Allowing one company to control the supply of crucial physical commodities, and also trade in the financial products that might be related to those markets, is an open invitation to commit mass manipulation. It’s something akin to letting casino owners who take book on NFL games during the week also coach all the teams on Sundays….

The irony was incredible. After fucking up so badly that the government had to give them federal bank charters and bottomless wells of free cash to save their necks, the feds gave Goldman Sachs and Morgan Stanley hall passes to become cross-species monopolistic powers with almost limitless reach into any sectors of the economy.

Read more here.

Feb 13, 2014
boyce
Comments Off on Who’s afraid of the T-word?

Who’s afraid of the T-word?

Jeffrey Sachs writes that investing in our future will require new tax revenues, along with reined-in war spending and real health care reform:

Much as conservatives hate to admit it, the landslide election of Bill de Blasio as mayor of New York City may prefigure the start of a new swing of the national political pendulum as well. He won a resounding victory, in part by calling for a small rise in taxes to fund preschool education, a major reform that would help relieve the disadvantages faced by poorer children. The recent meeting of mayors at the White House may give a hint of possible local pressures for increased public investments and public services. We’ve been on a thirty-year course of diminished public investments in our future. The dismal results are plain to see.

Read his piece here.

Feb 6, 2014
boyce
Comments Off on Rethinking economics

Rethinking economics

Demand from students for reality-based, ethically grounded economics is growing around the world:

When the financial crisis hit in 2007, economics students at respected institutions around the world found that theories handed down in classrooms failed to explain the reality outside, and an international movement began to demand a change in the way economics is taught.

Read more here.

Feb 3, 2014
boyce
Comments Off on Maximum wage?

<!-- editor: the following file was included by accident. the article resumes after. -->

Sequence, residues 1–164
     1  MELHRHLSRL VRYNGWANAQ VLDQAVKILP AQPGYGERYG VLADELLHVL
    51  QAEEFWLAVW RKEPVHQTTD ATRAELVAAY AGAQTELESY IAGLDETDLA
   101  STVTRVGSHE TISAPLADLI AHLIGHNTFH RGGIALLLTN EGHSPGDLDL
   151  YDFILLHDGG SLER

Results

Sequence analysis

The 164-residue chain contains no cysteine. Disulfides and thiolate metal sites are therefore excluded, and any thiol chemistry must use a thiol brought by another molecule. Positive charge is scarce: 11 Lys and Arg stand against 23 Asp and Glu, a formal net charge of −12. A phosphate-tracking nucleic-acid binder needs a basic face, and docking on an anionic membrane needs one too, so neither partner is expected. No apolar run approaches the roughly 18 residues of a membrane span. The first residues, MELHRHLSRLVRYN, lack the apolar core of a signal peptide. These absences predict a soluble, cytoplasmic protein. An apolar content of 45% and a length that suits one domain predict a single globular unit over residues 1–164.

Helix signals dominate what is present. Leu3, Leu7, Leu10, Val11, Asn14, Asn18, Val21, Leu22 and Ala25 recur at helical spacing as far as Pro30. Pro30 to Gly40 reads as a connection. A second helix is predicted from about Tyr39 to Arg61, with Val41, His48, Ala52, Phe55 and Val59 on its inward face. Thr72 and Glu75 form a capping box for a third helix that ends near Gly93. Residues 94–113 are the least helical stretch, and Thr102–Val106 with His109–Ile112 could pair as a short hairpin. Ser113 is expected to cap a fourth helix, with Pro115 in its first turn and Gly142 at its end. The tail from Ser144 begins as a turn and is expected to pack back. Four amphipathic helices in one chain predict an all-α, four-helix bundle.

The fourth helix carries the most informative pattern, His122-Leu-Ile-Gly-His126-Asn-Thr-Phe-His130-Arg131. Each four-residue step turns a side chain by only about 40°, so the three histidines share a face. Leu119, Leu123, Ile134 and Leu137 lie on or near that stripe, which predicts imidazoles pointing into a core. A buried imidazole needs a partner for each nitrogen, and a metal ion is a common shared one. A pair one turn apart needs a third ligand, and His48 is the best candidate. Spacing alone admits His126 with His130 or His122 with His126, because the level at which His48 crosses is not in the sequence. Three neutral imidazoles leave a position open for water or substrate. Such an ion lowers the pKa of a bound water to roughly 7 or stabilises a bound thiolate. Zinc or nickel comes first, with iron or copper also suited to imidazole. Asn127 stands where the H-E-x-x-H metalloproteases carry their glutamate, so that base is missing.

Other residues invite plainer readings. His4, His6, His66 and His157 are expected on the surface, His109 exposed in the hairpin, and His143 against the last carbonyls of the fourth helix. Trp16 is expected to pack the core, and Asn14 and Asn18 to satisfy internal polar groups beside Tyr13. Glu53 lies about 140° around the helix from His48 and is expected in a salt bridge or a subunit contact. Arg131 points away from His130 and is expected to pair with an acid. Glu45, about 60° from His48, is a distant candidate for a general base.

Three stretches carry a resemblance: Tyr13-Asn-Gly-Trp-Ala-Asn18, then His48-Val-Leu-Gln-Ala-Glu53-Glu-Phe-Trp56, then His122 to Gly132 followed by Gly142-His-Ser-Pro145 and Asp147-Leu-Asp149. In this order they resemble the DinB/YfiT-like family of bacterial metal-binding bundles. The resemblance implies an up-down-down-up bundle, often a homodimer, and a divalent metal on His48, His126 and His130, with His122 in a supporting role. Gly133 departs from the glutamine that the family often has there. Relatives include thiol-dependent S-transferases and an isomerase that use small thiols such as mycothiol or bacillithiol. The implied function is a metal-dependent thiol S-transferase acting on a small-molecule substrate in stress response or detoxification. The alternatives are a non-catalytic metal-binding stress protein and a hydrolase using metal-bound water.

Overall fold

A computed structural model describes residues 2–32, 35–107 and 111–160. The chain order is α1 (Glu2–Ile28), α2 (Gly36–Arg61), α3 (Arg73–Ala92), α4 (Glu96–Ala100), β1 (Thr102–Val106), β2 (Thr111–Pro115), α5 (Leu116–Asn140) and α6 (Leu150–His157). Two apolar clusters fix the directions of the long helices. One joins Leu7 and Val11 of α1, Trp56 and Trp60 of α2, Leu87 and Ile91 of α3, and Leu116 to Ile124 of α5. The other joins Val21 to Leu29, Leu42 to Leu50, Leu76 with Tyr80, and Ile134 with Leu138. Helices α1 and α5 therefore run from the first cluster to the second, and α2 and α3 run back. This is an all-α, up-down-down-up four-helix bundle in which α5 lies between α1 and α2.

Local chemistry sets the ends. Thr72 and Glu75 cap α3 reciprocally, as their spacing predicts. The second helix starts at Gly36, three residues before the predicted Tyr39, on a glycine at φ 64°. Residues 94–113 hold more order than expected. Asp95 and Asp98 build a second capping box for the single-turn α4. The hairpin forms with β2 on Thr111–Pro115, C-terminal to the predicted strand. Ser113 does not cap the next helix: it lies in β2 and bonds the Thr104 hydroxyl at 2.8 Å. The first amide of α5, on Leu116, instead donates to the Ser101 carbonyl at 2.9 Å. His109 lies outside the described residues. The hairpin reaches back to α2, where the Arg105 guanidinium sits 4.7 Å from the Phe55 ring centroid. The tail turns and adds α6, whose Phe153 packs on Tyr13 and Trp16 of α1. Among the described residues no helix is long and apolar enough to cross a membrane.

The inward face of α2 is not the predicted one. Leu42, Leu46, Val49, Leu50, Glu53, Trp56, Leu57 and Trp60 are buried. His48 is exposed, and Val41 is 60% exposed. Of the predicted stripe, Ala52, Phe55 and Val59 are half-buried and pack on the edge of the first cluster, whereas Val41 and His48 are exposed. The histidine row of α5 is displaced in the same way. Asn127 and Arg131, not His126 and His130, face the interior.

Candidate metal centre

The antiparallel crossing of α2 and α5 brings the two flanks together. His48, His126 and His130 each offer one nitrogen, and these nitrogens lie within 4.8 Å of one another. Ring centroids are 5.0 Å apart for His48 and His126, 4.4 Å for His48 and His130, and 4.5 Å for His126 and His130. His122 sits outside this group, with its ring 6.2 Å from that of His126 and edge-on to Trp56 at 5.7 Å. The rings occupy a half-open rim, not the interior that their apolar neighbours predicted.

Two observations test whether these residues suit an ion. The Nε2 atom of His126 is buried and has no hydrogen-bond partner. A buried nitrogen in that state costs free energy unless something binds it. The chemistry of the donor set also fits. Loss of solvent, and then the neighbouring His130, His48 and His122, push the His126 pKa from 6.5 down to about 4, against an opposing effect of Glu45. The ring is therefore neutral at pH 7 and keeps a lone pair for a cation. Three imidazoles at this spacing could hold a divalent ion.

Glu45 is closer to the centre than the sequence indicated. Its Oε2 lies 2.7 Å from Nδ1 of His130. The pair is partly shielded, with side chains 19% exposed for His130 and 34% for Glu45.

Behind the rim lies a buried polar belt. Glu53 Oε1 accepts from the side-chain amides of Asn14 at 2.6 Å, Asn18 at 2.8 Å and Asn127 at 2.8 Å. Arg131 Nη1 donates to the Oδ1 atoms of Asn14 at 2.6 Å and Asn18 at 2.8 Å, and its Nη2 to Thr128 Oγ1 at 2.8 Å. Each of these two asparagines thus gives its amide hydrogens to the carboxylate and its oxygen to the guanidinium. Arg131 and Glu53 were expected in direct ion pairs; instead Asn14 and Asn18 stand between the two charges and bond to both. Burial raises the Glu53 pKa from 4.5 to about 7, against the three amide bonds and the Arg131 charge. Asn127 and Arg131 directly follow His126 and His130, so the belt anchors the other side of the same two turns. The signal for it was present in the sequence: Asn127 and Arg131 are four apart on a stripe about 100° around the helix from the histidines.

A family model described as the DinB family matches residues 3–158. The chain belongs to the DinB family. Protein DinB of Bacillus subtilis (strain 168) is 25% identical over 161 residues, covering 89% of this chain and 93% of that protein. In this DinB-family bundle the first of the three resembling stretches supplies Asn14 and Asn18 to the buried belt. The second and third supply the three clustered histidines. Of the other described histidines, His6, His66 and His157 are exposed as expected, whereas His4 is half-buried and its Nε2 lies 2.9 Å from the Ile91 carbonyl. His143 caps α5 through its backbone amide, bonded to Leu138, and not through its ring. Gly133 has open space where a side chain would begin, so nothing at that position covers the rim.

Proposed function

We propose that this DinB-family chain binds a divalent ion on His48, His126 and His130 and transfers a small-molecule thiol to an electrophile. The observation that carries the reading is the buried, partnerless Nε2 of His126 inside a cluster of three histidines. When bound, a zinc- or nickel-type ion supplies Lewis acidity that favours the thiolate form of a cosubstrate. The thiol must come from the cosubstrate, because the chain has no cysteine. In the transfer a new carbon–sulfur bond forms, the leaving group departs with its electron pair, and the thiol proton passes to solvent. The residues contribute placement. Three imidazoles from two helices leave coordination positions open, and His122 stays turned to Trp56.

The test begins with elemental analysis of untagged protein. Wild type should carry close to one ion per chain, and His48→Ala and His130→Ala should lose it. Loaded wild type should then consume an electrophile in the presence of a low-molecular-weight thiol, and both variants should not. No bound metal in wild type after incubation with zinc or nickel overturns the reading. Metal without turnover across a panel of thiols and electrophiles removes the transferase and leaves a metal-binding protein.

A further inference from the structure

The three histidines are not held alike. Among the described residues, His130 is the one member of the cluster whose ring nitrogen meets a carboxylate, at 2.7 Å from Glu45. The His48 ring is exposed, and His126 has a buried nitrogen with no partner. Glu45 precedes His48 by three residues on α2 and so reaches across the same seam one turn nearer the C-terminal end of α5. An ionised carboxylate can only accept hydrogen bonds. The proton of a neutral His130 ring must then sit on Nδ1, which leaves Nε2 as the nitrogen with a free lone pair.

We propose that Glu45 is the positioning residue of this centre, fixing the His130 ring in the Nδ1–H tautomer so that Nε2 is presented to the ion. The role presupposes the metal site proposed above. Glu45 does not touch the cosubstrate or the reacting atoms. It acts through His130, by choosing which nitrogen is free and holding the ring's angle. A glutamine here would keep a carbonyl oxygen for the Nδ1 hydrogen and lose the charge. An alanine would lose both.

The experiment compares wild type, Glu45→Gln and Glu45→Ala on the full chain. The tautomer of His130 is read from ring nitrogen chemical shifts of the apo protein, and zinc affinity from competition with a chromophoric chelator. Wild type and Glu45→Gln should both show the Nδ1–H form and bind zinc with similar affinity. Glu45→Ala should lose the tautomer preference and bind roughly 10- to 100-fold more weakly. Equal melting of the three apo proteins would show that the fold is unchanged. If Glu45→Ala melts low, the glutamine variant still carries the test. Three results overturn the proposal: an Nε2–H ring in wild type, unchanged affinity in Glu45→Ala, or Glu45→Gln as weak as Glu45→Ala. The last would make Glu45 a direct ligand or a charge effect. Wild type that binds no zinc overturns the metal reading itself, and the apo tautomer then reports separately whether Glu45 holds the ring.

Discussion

Maximum wage?

Econ4’s Doug Smith writes in the New York Times:

The national discourse continues to sleepwalk past this out-of-the-box question: How about setting a maximum wage for government officials and top-paid government contractors?

 

Read his op-ed piece here.

Jan 20, 2014
boyce
Comments Off on Confessions of a wealth addict

Confessions of a wealth addict

In an insightful, introspective piece in yesterday’s New York Times, a recovering derivatives trader writes:

Like alcoholics driving drunk, wealth addiction imperils everyone. Wealth addicts are, more than anybody, specifically responsible for the ever widening rift that is tearing apart our once great country. Wealth addicts are responsible for the vast and toxic disparity between the rich and the poor and the annihilation of the middle class. Only a wealth addict would feel justified in receiving $14 million in compensation — including an $8.5 million bonus — as the McDonald’s C.E.O., Don Thompson, did in 2012, while his company then published a brochure for its work force on how to survive on their low wages. Only a wealth addict would earn hundreds of millions as a hedge-fund manager, and then lobby to maintain a tax loophole that gave him a lower tax rate than his secretary….

Dozens of different types of 12-step support groups — including Clutterers Anonymous and On-Line Gamers Anonymous — exist to help addicts of various types, yet there is no Wealth Addicts Anonymous. Why not? Because our culture supports and even lauds the addiction.

Read his piece here.

Dec 27, 2013
boyce
Comments Off on The trust deficit

The trust deficit

Joe Stiglitz points out another casualty of widening inequality:

Trust is what makes contracts, plans and everyday transactions possible; it facilitates the democratic process, from voting to law creation, and is necessary for social stability. It is essential for our lives. It is trust, more than money, that makes the world go round….

Inequality in America is degrading our trust. For our own sake, and for the sake of future generations, it’s time to start rebuilding it.

Read more here.